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LDS Tours in New Mexico-LDS Tours in Cancun – LDS in New Mexico

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Although the Mormon Battalion traversed New Mexico from its northeast to its southwest corner in 1846, the next significant LDS contact in that territory did not occur until nearly three decades later. In 1876 two members of a group of LDS missionaries otherwise assigned to Mexico found notable success in proselytizing among the Zuni in western New Mexico. Subsequent labors among the Zuni were less successful, but a number of Navajos were converted. In 1876, missionaries founded the settlement of Savoia, about twenty miles east of the Zuni village, and were joined by LDS converts from the southern states. The southerners soon moved to LDS settlements on the Little Colorado River in Arizona, and in 1882 the remaining settlers, reinforced by expatriates from the Little Colorado, relocated a few miles south. Eventually named Ramah, the village continues as a predominantly LDS community. Ramah was a major focus in a landmark interdisciplinary study of five cultures by Harvard University scholars in the mid-twentieth century.

Meanwhile, Latter-day Saints settled along the San Juan River at Fruitland, in northwestern New Mexico, in 1878. Kirtland and Waterflow, additional LDS villages along the San Juan, were initiated in the early 1880s, and Bluewater, a short distance to the north, was founded in 1894. In 1912, Fruitland became headquarters for the Young Stake, which also included wards and branches in nearby southwestern Colorado.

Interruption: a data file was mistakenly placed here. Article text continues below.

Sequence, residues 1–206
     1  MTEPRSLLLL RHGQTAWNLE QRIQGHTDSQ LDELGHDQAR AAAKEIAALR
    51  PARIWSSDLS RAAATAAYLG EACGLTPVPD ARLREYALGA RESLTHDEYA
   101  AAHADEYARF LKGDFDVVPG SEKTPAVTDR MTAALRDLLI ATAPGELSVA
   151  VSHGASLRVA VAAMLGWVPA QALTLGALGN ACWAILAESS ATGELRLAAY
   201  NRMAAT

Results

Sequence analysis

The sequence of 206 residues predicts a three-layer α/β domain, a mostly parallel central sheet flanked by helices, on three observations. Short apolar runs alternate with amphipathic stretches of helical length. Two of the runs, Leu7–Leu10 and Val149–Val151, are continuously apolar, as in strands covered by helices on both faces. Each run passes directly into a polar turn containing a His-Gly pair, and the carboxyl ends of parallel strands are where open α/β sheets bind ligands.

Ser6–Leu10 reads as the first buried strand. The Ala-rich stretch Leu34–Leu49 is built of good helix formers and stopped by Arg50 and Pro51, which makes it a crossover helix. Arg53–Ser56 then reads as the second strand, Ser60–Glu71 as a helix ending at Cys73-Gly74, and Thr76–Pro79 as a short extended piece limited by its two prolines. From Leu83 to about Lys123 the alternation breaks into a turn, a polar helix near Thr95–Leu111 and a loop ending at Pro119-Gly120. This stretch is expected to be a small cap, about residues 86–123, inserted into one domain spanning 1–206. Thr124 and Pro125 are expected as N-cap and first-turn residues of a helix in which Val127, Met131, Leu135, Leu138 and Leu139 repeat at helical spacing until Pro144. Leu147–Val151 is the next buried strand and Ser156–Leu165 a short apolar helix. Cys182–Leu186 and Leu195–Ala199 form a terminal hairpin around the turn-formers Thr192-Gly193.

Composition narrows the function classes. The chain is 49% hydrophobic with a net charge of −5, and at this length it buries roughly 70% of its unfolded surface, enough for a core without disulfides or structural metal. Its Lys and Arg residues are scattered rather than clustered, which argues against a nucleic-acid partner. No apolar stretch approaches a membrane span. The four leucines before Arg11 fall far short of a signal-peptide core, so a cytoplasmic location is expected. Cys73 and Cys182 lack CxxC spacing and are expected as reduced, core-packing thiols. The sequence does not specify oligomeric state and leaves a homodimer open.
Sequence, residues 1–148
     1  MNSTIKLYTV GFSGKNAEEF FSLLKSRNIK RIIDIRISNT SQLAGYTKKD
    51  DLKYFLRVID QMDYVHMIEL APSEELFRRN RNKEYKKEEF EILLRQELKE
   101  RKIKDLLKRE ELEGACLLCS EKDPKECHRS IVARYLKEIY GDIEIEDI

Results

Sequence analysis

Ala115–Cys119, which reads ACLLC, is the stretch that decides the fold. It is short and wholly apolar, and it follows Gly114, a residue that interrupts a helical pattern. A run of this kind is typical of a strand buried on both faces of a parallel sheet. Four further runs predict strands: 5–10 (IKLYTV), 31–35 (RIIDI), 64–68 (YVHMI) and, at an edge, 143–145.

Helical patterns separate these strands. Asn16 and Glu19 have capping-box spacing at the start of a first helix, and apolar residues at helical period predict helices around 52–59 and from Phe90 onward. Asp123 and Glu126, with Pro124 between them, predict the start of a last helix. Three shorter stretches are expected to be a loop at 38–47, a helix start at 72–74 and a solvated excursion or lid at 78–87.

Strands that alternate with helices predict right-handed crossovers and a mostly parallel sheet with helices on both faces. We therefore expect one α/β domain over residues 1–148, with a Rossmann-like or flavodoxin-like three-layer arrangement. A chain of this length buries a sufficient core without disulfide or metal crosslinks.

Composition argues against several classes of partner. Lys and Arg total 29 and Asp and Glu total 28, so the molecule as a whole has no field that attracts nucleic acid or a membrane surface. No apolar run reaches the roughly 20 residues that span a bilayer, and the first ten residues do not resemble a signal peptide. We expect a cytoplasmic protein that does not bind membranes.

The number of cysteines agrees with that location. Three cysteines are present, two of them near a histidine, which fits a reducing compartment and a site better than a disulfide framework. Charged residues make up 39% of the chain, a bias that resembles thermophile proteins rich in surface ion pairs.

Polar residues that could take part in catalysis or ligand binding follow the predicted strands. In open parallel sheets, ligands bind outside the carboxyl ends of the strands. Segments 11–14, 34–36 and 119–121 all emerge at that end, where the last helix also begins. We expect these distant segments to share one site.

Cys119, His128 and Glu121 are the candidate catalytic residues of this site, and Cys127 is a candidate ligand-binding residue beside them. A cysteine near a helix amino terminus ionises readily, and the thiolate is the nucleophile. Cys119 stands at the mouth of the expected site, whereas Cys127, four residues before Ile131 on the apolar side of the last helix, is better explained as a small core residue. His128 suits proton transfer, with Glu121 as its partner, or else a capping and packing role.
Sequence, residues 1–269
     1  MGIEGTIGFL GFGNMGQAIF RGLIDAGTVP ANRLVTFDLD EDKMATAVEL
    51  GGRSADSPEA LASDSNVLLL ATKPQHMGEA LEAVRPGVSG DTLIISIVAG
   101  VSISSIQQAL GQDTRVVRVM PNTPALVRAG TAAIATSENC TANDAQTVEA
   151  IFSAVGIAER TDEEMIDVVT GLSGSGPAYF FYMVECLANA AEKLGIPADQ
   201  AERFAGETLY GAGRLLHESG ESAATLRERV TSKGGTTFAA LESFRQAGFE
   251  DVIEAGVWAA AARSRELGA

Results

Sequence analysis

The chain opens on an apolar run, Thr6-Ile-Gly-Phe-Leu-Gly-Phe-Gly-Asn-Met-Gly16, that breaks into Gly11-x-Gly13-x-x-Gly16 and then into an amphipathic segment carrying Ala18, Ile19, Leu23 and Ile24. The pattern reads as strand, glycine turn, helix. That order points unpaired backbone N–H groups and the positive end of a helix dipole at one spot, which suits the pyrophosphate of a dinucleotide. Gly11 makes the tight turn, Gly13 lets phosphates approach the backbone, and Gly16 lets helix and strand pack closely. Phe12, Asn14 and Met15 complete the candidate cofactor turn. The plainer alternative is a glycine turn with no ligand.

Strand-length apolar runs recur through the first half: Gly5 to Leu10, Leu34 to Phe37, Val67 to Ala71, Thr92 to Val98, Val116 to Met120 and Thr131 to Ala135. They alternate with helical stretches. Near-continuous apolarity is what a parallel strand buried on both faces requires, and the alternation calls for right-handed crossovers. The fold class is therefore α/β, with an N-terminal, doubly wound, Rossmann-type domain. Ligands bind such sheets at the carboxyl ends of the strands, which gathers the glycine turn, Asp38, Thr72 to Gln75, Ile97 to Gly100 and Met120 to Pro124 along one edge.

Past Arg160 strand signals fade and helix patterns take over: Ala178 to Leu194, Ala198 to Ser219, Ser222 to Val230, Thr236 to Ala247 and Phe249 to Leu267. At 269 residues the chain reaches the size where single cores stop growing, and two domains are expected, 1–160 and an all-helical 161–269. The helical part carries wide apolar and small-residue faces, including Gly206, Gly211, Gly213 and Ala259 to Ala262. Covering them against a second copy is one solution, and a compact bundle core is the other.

Farther south but also near New Mexico’s western border, a group of Latter-day Saints settled in the Luna Valley, beginning in 1883. The Luna Ward was closely associated with LDS congregations across the border in Arizona.

Additional LDS congregations were established in western New Mexico at Pleasanton, Socorro County (1882-1889); and at Virden, Hidalgo County (from 1915). The latter was settled by refugees from the Mormon colonies in Mexico dislodged by the Mexican Revolution.

Most LDS wards and branches established in the twentieth century served minorities in communities east of these predominantly Mormon villages. In the first third of the century, congregations were organized at Albuquerque, Gallup, Taos, Silver City, Clovis, Tres Piedras, Pagosa Springs, and Thoreau. By 1990, as a result of widespread proselytizing and of in-migration, there were 49,000 Latter-day Saints in New Mexico.

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